English English language Etymology Expression Usage Word origin Writing

Trepid, trepidant, trepidatious

Q: My dictionary has the word “trepidant,” but no definition or example. I believe it means timid, but I’d like to see how it’s used in a sentence before I use it myself.

A: We’ve found the adjective “trepidant” in several standard dictionaries, including Merriam-Webster Unabridged, which defines it as “timid, trembling.” But it’s rarely used, which explains why you’ve had trouble finding an example.

M-W Unabridged also has two related adjectives: “trepidatious,” which is defined as “feeling trepidation: apprehensive nervous,” and “trepid,” defined as “timorous, trembling.” (We discussed “trepidatious” and “trepidated” in previous blog posts.)

All of these words of agitation, including the noun “trepidation” and the obsolete verb “trepidate,” are ultimately derived from trepidāre, classical Latin for to hurry, to bustle, be agitated, or be alarmed.

“Trepidation” is the oldest of the English words and the most common today. When it showed up in the early 1600s, “trepidation” referred to a vibrating, oscillating, or rocking movement.

The first example in the Oxford English Dictionary is from Of the Proficience and Advancement of Learning, a 1605 book by the philosopher and scientist Francis Bacon:

“Massiue bodies … haue certaine trepidations and wauerings before they fixe and settle.”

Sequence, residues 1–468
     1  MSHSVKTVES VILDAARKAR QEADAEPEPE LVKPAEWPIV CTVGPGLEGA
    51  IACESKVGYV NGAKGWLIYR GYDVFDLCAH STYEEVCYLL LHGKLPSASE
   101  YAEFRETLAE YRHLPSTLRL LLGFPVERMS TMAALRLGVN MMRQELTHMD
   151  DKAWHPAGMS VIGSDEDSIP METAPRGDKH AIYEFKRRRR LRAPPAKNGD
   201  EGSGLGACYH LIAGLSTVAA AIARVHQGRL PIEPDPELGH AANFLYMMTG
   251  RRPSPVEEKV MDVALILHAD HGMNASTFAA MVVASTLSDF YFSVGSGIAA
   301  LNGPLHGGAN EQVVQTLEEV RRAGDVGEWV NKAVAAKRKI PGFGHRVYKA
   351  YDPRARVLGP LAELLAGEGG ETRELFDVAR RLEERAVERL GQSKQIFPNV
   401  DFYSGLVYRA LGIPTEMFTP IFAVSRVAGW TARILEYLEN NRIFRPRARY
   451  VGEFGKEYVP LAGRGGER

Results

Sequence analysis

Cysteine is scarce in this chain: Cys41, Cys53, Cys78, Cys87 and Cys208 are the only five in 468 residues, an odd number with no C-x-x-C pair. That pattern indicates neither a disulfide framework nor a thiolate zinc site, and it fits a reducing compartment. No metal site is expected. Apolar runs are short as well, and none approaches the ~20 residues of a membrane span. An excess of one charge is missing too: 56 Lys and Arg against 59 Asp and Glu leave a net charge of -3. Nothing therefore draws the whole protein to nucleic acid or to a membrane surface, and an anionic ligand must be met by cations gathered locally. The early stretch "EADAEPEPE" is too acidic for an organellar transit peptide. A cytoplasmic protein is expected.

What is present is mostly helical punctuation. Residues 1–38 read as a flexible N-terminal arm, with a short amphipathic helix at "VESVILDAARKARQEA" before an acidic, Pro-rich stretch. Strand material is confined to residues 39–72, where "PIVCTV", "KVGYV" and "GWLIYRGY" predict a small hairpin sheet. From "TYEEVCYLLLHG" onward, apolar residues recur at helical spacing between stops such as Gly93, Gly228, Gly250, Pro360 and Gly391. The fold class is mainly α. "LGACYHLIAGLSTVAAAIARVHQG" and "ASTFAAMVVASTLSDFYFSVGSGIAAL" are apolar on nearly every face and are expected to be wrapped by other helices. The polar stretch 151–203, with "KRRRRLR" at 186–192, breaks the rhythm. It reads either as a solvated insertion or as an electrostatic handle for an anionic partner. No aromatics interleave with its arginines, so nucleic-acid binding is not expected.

However, the noun soon took on the modern sense of “tremulous agitation; confused hurry or alarm; confusion; flurry; perturbation,” according to the OED.

The dictionary’s first citation for the new sense is from another work by Bacon, a 1625 collection of his essays: “There vseth to be more trepidation in Court, vpon the first Breaking out of Troubles, then were fit.”

The now obsolete verb “trepidate” showed up around the same time, in The English Dictionarie: Or, an Interpreter of Hard English Words (1623), by Henry Cockeram: “Trepidate, to tremble for feare.”

The OED says the rare adjective “trepid” showed up in the mid-1600s, meaning “trembling; agitated; fearful.”

The first of three examples is from Sacred Principles, Services, and Soliloquies, a 1650 book of devotions by William Brough: “Trembling, and chilnesse, and confusion in the powers of action … a stupid, trepid, troubled motion.”

“Trepidant,” the adjective you’re asking about, showed up more than two centuries later. Oxford describes it as rare, and defines it as “trembling with fear or agitation.”

The first example is from an 1891 paper by Philip Coombs Knapp in the Journal of Nervous and Mental Disease: “Astasia-abasia, with the report of a case of paroxysmal trepidant abasia associated with paralysis agitans.”

Here’s a slightly later OED example in plain English: “In either party are many trepidant hopes and fears” (from the July 2, 1892, issue of Black & White, a British illustrated weekly).

We’ve found an even clearer example in Notable U.S. Ambassadors Since 1775, a 1997 book by Cathal J. Nolan.

This is a description of Clifton Reginald Wharton Sr., an African-American diplomat, taking the Foreign Service exam in the 1920s:

“He scored well on the written part of the examination and, although somewhat trepidant about facing an all-white oral examination board, he sailed through their questions.”

The latecomer here is “trepidatious,” the most common of the adjectives in today’s English. It was first recorded in 1904, the OED says, and means “apprehensive, nervous; filled with trepidation.”

[Note: This post was updated on Feb. 19, 2020, to reflect later dictionary entries.]

Help support the Grammarphobia Blog with your donation
And check out our books about the English language.